While the Conference Committee on the 2014 budget argues over scraps, the big picture of the nation’s budget deficit remains unchanged. Recent reports from the Social Security Trustees, the Congressional Budget Office, and the Committee for a Responsible Federal Budget show that, as CBO director Doug Elmendorf puts it, our deficit problem “has hardly been addressed.” Despite the overwhelming evidence of impending deficit problems, many members of congress, budget experts, and editorial page writers are denying the problem is that serious. In a situation like this, on the eve of what seems headed for yet another congressional copout, the alarming long-term numbers cannot be stated too often. Nor can the outline of policies that represent the only reasonable deficit solution.
Summarizing across the reports mentioned above, three points capture the nation’s deficit problem. None of them are new. First, after the current brief slowdown in the accumulation of debt, starting in 2018 it will begin rising again. Compared with the current debt which equals 73 percent of GDP, by 2038 the debt-to-GDP ratio will increase to 100 percent or more; by the 2060s, the debt will be twice the size of GDP. Second, the major cause of increasing debt will be the combination of growth in health care programs, especially Medicare, Social Security, and net interest. According to CBO, spending on these three categories will increase to 19 percent of GDP by 2038, a little more than twice the average of 9 percent over the past four decades. These rapid increases in debt will occur despite all the budget actions that have been taken so far and despite an increase in revenue from 16 percent of GDP in 2012 to nearly 20 percent of GDP by 2038. Third, given these projections, the simple fact is that the nation cannot avoid a fiscal crisis at some point in the future. Thus, the prudent and least difficult course is to take actions now that will reduce future debt.
CBO has spelled out the consequences of our large and growing debt if action is not taken. First, CBO warns that the massive federal borrowing that will be necessary to finance the debt will reduce private investment which would in turn result in a lower stock of capital and put downward pressure on economic output and incomes. Second, because interest payments will rise substantially, either spending programs will have to be cut or taxes increased more than they otherwise would be in order to reach any deficit target congress and the president might select. Third, the flexibility of the federal government to meet future challenges such as natural disasters, terrorist attacks, recessions, or other emergency needs will be reduced. Fourth, the risk of a fiscal crisis in which investors will not buy federal bonds unless we pay “very high interest rates” will be increased.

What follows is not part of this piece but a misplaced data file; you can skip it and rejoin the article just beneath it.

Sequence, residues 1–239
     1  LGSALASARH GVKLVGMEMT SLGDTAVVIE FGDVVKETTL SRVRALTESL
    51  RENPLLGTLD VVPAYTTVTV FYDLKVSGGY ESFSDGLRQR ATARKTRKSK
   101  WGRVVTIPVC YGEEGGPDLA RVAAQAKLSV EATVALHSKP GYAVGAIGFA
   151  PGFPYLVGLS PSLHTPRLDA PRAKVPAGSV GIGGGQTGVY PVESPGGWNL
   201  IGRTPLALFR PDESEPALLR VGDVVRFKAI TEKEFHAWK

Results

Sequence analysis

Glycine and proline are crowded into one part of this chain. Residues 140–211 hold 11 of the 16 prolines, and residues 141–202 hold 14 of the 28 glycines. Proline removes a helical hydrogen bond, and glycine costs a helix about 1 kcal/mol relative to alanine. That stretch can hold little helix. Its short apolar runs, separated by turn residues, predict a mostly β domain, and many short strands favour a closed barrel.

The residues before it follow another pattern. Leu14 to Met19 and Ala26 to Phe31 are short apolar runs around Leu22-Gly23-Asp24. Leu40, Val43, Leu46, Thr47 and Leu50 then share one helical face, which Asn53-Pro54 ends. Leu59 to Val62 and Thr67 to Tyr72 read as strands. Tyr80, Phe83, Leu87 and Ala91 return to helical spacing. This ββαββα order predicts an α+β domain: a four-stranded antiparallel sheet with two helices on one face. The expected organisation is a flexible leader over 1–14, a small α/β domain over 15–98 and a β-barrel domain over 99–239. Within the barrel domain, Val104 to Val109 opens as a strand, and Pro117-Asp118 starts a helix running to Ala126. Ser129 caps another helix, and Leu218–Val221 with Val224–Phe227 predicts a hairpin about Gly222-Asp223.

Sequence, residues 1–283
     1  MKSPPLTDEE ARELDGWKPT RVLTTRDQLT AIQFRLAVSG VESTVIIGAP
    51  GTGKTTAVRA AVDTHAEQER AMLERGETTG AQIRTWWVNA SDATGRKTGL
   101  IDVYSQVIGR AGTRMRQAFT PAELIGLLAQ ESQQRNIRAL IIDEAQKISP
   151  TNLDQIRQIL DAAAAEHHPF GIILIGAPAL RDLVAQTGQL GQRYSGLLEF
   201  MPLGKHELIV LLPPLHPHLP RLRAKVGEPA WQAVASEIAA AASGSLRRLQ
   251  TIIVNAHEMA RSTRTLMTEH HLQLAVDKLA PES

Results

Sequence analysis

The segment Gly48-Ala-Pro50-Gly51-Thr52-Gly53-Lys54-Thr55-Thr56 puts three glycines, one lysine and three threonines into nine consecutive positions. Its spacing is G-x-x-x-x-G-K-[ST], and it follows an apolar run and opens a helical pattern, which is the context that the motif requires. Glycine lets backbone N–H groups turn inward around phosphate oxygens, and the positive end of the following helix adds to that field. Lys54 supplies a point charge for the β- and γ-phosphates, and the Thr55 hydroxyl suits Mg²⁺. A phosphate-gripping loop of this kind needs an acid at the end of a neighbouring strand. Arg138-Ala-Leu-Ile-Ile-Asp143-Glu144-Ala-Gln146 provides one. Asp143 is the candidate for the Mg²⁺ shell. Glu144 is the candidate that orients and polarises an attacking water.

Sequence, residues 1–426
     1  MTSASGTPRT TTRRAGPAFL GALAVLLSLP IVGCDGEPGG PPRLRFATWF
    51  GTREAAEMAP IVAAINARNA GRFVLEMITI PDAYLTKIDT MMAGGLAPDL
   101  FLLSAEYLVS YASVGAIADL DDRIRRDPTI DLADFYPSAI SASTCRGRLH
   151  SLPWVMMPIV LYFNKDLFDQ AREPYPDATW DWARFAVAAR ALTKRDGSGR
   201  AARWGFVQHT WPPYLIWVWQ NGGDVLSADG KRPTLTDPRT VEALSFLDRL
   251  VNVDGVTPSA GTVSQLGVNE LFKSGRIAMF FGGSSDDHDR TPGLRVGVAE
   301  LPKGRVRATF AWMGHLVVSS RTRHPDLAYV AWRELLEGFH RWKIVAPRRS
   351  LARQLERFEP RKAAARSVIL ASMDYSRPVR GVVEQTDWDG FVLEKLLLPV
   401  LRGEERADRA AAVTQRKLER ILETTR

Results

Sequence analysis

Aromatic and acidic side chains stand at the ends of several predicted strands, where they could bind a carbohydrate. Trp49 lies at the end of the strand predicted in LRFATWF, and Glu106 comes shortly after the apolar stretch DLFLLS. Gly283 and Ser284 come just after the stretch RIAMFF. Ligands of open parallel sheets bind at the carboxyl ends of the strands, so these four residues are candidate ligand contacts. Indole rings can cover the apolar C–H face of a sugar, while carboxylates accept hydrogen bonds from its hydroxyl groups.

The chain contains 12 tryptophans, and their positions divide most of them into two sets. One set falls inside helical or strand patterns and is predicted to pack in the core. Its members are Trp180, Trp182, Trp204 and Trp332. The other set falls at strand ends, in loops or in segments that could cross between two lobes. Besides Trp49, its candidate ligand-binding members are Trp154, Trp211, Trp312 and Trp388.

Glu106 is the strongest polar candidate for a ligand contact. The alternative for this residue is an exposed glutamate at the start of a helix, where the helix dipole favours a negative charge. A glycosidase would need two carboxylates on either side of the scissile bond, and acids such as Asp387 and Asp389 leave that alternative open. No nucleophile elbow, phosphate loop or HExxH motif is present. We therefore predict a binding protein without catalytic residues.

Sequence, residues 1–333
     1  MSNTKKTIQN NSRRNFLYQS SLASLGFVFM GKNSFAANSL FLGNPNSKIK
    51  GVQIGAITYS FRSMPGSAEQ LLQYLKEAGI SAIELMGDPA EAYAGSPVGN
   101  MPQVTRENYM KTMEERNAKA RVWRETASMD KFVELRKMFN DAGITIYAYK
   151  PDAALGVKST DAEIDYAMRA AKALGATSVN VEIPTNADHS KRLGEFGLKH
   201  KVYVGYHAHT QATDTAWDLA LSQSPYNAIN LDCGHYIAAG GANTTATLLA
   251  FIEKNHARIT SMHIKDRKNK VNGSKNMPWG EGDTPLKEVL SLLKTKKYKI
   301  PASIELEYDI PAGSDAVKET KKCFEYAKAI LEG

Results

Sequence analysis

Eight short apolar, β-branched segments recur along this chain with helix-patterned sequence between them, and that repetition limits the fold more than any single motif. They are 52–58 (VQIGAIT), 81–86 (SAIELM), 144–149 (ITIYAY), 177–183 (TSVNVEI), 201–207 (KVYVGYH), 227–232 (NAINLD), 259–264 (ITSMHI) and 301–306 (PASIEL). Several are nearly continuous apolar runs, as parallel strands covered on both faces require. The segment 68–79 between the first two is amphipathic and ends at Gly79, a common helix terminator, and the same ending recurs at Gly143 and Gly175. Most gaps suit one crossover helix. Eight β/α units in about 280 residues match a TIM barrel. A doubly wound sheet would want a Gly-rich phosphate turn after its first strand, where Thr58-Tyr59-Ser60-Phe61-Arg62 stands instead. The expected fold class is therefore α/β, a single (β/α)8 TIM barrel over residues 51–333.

Nor is the solution any mystery. No bipartisan deal is possible unless both reduced spending and increased revenue are included. The biggest spending problem is that medical care, Social Security, and net interest will be growing so rapidly that the rest of government will be squeezed. This process has already begun. Researchers at the Urban Institute, for example, have shown that spending on children has already started to decline. Ditto for the military and many other items in the budget. A more reasonable way to cut spending than sequestration would be to cut redundant programs, programs that have been shown by evidence to be failing, and programs that have excessive fraud. The reduced spending must include health care spending, especially by increasing the share of health expenses paid by the affluent elderly and by reforms that force people to pay more out of pocket for the medical services they receive. Modest changes in Social Security are also necessary. In addition, it would make sense to implement and study premium support Medicare reform in two or three states.
The only way Democrats will agree to reductions in entitlement spending is if revenues are increased. There are many possible choices for revenue increases, including a consumption tax and reducing the more than $1 trillion a year in tax expenditures. When Democrats hate entitlement cuts and Republican hate taxes, the only political solution is to do both.
But almost no one thinks any major deal is in the offing. It looks increasingly like the nation will need a near-death experience before policymakers will take action. The public has not elected people to congress or the presidency who put the future of the nation ahead of their own political interests and the interests of their party. In the end, as always in a Democracy, if citizens want to know why Washington can’t solve the deficit problem, look in the mirror.